Atkinson sold to Parrish the commercial property at Fourth Avenue North and U.S. 41, where Sunshine now has a pharmacy at 421 Ninth St. N. and a durable medical supply business next door.

"(Parrish) was on top of the world when he bought my building in February 2009," Atkinson said. "At one time, he told me he had 90 employees."

In early 2009, Parrish signed a promissory note for $155,000 to Atkinson to buy the durable medical equipment at Atkinson's former medical supply business at the U.S. 41 site.

In late July 2012, Atkinson filed a civil lawsuit against Parrish, alleging default on the promissory note with a balance of $93,000, court records show.

"He was paying me and then he would go four or five months and nothing," Atkinson said. "And he wouldn't return my phone calls. That is when I hired an attorney."

Michael Coleman, a Naples attorney, filed suit in March 2012 against Parrish and Sunshine, alleging nonpayment for leased space in the Marquesa Plaza at Livingston and Pine Ridge roads.

"We're still trying to collect," Coleman said. "They agreed to a judgment of $70,000. We are going to try and go after assets but at this point, we have not been paid."

Parrish had signed a five-year lease in August 2006 for the space and the lease was amended in 2011. Court records show he was past-due on rent for $27,000.

Coleman said contract defaults for leased commercial properties became more prevalent when the economy soured locally. There's no set time frame for when commercial property owners decide to file legal action in court.

"It really depends on the landlord," he said. "Some are very aggressive. Others are 30 to 60 to 120 days. It really just depends on the landlord."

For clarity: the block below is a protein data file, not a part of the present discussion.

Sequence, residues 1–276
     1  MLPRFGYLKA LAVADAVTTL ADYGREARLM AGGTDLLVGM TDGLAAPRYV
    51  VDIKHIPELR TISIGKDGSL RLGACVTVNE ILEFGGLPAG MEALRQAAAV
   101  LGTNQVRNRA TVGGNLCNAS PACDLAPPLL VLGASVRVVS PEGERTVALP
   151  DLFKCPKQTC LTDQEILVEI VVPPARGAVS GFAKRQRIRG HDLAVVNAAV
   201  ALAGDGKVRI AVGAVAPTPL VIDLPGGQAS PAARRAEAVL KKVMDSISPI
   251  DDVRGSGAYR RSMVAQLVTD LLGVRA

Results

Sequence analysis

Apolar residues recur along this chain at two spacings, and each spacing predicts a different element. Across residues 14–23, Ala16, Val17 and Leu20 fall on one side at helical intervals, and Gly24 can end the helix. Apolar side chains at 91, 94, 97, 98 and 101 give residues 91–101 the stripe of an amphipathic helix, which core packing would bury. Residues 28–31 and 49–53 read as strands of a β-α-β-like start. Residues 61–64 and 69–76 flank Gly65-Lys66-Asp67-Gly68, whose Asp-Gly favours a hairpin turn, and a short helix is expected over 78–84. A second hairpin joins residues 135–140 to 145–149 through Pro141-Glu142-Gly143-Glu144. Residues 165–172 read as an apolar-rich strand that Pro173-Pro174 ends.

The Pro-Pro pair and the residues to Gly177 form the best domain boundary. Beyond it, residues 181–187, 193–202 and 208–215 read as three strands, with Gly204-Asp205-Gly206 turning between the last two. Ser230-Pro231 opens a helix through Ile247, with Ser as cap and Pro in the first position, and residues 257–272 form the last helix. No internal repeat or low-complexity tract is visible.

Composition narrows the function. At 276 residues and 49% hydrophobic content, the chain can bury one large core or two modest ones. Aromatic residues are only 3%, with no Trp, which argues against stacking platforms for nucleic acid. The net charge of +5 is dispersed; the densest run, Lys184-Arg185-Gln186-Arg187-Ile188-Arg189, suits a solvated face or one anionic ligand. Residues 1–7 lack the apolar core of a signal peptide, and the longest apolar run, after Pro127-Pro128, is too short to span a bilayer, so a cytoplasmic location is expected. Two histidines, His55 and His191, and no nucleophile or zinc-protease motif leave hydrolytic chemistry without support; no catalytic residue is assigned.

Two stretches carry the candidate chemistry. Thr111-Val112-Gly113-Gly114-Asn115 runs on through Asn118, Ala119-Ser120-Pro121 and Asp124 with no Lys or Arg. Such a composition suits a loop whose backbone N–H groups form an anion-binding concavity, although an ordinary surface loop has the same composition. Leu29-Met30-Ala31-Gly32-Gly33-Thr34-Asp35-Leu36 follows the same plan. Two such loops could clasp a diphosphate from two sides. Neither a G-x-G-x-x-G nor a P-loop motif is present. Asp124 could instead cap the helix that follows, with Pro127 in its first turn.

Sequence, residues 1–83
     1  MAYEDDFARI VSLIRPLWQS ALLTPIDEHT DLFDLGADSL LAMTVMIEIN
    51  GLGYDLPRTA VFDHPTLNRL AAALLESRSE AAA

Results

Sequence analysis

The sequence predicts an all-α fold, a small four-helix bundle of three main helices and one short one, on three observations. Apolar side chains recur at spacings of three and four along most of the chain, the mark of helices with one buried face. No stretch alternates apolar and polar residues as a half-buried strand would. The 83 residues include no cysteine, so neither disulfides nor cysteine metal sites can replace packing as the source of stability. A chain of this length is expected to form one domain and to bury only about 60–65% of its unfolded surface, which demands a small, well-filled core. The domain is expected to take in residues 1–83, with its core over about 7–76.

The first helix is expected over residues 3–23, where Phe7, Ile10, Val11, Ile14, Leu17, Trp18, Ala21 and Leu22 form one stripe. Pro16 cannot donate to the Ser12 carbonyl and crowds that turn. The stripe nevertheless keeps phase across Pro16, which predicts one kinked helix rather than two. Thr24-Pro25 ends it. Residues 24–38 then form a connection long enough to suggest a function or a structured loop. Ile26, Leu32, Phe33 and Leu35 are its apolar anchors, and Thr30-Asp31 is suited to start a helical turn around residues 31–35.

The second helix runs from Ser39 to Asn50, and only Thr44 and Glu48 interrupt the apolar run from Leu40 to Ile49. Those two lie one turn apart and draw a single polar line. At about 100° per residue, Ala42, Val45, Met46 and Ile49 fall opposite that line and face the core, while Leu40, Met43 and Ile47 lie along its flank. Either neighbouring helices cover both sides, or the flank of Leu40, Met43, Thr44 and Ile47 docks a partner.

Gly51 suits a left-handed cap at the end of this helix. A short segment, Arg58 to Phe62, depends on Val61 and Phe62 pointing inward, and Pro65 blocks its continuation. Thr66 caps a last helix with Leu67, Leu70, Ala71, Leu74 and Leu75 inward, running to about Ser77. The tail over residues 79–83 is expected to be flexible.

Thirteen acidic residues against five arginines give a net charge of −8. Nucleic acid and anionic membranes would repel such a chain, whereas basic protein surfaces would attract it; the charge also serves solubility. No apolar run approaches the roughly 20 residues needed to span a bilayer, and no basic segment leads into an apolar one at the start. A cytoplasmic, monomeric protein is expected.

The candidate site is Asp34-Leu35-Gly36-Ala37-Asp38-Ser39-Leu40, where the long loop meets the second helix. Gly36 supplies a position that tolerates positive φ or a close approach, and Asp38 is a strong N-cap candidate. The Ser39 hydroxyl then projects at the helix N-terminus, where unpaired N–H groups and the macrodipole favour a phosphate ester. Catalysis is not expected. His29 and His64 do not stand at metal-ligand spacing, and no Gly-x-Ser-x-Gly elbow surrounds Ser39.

A civil suit was filed in May 2012 against Sunshine Pharmacy's Del Parrish, alleging nonpayment of rent for leased space in the Charlemagne Plaza for his pharmacy at 5480 Rattlesnake-Hammock Road. Court records show Parrish owed back rent of $11,500 in late 2011.

A civil suit was filed in May 2012 against Parrish, alleging nonpayment of rent for leased space in the Charlemagne Plaza for his pharmacy at 5480 Rattlesnake-Hammock Road. Court records show Parrish owed back rent of $11,500 in late 2011. The property owner, Lowfield Realty Group, sought to accelerate payment for the remainder of the lease for $355,700 but agreed to hold off to try to work something out with Sunshine, said Richard Weldon, the Naples attorney representing the landlord.

Weldon said the decision to hold off was made before federal officials with the U.S. Drug Enforcement Administration served a search warrant Jan. 17 at the pharmacy. Agents took boxes of documents and computers.

What's next

For nearly two weeks after the search warrant was executed, the Rattlesnake-Hammock pharmacy was closed.

This past week, it reopened and Parrish has been in the store, according to an employee who answered the telephone. This past Friday, a Valentine's Day sign was on the door but nobody was there at the 9 a.m. scheduled opening.

What's uncertain is what the future holds for Sunshine, since Parrish voluntarily relinquished his DEA license to fill prescriptions for controlled substances on Jan. 24, according to DEA spokeswoman Mia Ro.

Prescriptions for pain medications, stimulants and other controlled substances are key for pharmacies, local pharmacists say.

"I do not see how you can function as a pharmacy," Atkinson said.

Matt Cammuso, with Woolley's Pharmacy at 3761 East U.S. 41, said Sunshine customers are wanting to transfer prescriptions from Sunshine's Rattlesnake-Hammock store but it may not be capable of doing it.

"They are not refusing to transfer, (they) can't," Cammuso said. "They don't have the computers that have the data."